Decoding Life & Games of Chess Legends: Emanuel Lasker

Decoding Life & Games of Chess Legends: Emanuel Lasker

In this blog, we will be discussing the life and games of the legendary World Chess Champion Emanuel Lasker. We highly recommend that all readers aspiring to be like Lasker read the entire blog.

To kick off the blog, we have included an interactive quiz inspired by Lasker's games. Click the button below or the quiz icon on the right-side tab to start the quiz. Best of luck to all participants!

Emanuel Lasker (December 24, 1868 – January 11, 1941) was a German chess player, mathematician, and philosopher who held the title of World Chess Champion for 27 years, from 1894 to 1921, marking the longest reign of any officially recognized World Chess Champion in history.

In his prime, Lasker was one of the most dominant champions, and he is still generally regarded as one of the strongest players in history.

His contemporaries used to say that Lasker employed a "psychological" approach to the game, and some even suggested that he deliberately played inferior moves to confuse opponents.

Recent analysis, however, indicates that he was ahead of his time, using a more flexible approach than his contemporaries, which mystified many of them.

While Lasker was well-versed in contemporary analyses of openings, he often disagreed with them. He published chess magazines and five chess books, but later players and commentators found it challenging to extract lessons from his methods.

Lasker also made significant contributions to the development of other games. He excelled as a contract bridge player and wrote about the bridge, Go, and his own creation, Lasca. His books on games presented problems that are still considered notable in the mathematical analysis of card games.

Additionally, Lasker was a research mathematician known for his contributions to commutative algebra, which included proving the primary decomposition of ideals of polynomial rings. However, his philosophical works and a drama that he co-wrote received little attention.

Greatest Games Played By Lasker

Below is the interactive PGN embed of some of the best games played by Emanuel Lasker over the years.
(Open the blog link to view the games, preferred in Desktop)

Lasker's Life and Career

The Early Years: 1868–1894

Emanuel Lasker, depicted as a young man, was born on December 24, 1868, in Berlinchen, Neumark (now Barlinek in Poland), to a Jewish cantor.

At the age of eleven, he was sent to Berlin to study mathematics, where he resided with his brother Berthold, who was eight years his senior and taught him chess. Berthold was among the world's top ten players in the early 1890s.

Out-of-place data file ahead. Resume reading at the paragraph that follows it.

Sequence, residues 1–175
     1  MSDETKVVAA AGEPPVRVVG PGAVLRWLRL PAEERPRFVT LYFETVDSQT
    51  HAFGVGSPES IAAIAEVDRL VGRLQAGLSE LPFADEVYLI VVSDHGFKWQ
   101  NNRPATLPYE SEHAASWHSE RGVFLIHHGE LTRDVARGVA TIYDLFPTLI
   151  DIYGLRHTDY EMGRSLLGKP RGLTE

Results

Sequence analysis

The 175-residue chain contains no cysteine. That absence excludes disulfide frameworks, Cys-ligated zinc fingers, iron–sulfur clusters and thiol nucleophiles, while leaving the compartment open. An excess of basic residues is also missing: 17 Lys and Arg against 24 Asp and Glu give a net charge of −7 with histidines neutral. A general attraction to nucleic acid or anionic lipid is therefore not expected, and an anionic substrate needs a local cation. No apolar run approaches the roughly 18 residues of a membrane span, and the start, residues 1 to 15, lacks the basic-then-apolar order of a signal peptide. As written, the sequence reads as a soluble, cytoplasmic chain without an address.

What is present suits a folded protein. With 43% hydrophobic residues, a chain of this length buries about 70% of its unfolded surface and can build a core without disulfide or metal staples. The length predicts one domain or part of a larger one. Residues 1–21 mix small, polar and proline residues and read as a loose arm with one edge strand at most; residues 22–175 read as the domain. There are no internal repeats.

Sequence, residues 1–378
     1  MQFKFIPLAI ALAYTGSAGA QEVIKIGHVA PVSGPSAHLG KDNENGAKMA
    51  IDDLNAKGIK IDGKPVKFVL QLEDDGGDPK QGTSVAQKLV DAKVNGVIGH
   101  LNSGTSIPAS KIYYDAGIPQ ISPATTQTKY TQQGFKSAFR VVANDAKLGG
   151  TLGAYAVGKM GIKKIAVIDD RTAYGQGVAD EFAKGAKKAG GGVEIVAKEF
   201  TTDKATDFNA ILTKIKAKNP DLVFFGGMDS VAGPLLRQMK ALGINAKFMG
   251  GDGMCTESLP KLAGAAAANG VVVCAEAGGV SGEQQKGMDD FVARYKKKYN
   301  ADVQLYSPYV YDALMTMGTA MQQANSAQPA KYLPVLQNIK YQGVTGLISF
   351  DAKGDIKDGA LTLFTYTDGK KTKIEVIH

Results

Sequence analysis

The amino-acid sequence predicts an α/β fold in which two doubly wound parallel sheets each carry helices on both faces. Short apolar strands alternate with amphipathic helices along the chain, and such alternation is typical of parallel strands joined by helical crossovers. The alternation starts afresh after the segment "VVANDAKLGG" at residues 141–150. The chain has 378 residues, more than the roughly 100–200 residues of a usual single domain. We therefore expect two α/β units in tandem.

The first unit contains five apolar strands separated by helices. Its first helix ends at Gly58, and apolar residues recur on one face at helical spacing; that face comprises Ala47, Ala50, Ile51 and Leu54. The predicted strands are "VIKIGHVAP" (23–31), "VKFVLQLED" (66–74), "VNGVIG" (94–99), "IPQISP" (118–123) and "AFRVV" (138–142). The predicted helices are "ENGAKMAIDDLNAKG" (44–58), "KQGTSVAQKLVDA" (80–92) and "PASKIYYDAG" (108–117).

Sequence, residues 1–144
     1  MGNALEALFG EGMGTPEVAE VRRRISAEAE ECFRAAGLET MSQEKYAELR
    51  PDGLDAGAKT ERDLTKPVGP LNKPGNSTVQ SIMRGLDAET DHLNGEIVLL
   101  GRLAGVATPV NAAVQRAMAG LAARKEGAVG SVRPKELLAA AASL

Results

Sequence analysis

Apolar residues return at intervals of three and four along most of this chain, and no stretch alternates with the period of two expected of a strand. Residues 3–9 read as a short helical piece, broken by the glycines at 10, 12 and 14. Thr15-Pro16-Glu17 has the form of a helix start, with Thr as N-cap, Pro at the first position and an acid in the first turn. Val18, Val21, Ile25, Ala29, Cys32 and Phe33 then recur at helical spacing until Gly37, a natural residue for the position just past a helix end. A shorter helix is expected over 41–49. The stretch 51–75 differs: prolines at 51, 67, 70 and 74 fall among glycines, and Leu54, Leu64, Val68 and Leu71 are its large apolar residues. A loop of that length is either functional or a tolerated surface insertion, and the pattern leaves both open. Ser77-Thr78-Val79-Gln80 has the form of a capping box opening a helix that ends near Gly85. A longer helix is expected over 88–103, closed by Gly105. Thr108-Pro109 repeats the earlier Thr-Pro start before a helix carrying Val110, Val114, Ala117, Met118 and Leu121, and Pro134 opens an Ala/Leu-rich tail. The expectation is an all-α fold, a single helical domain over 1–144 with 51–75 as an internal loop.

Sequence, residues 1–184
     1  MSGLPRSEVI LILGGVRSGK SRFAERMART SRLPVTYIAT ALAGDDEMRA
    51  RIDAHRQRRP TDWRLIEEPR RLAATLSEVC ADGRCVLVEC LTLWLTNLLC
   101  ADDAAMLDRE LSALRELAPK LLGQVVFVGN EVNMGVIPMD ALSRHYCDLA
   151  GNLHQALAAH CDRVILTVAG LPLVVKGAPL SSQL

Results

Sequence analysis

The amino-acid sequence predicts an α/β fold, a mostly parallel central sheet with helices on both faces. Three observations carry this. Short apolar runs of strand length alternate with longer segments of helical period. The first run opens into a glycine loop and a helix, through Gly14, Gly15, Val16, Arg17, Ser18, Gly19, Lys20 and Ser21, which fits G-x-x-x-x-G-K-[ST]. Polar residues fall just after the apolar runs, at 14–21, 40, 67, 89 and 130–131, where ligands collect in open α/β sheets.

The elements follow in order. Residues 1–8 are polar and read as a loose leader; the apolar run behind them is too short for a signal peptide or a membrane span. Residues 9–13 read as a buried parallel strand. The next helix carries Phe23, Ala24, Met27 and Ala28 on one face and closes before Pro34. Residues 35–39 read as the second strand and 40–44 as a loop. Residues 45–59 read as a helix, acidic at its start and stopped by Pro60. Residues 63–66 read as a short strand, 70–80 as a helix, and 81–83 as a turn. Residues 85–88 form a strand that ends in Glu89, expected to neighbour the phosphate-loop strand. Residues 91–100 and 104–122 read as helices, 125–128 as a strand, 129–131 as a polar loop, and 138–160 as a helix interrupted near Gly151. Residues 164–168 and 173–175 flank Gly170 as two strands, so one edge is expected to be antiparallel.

To supplement their income, Emanuel Lasker engaged in chess and card games for small stakes, notably at the Café Kaiserhof.

In 1888/89, Lasker emerged victorious in the Café Kaiserhof's annual Winter tournament and also secured victory in the Hauptturnier A (the "second division" tournament) at the sixth DSB Congress held in Breslau. This win granted Lasker the esteemed title of "master."

The candidates were divided into two groups, and the top four from each group advanced to a final round. Despite trailing the leader, Viennese amateur von Feierfeil, by 1½ points with two rounds to go, Lasker clinched victory by winning both final games while von Feierfeil faltered. Lasker then won a playoff, securing the master title and paving the way for his chess career.

Lasker achieved second place in an international tournament in Amsterdam, surpassing Mason and Gunsberg. He further solidified his prowess by winning two tournaments in London in the spring of 1892, the latter without losing a single game.

His remarkable performance continued at New York City in 1893, where he attained a perfect score, winning all thirteen games, a rare feat in chess history.
His success extended to matches as well. From 1889 to 1893, Lasker exhibited dominance, drawing only a short playoff match against his brother Berthold and triumphing in all other matches against esteemed opponents such as Curt von Bardeleben, Jacques Mieses, Henry Edward Bird, Berthold Englisch, Joseph Henry Blackburne, Jackson Showalter, and Celso Golmayo Zúpide.

In 1892, Lasker established his first chess magazine, The London Chess Fortnightly, published from August 15, 1892, to July 30, 1893. However, ten weeks elapsed between issues in the second quarter of 1893, purportedly due to printer issues. Subsequently, Lasker embarked on a journey to the United States, where he spent the ensuing two years.

Lasker issued a challenge to Siegbert Tarrasch, the victor of three consecutive strong international tournaments, for a match. Tarrasch arrogantly declined, asserting that Lasker should first prove himself by winning one or two major international events.

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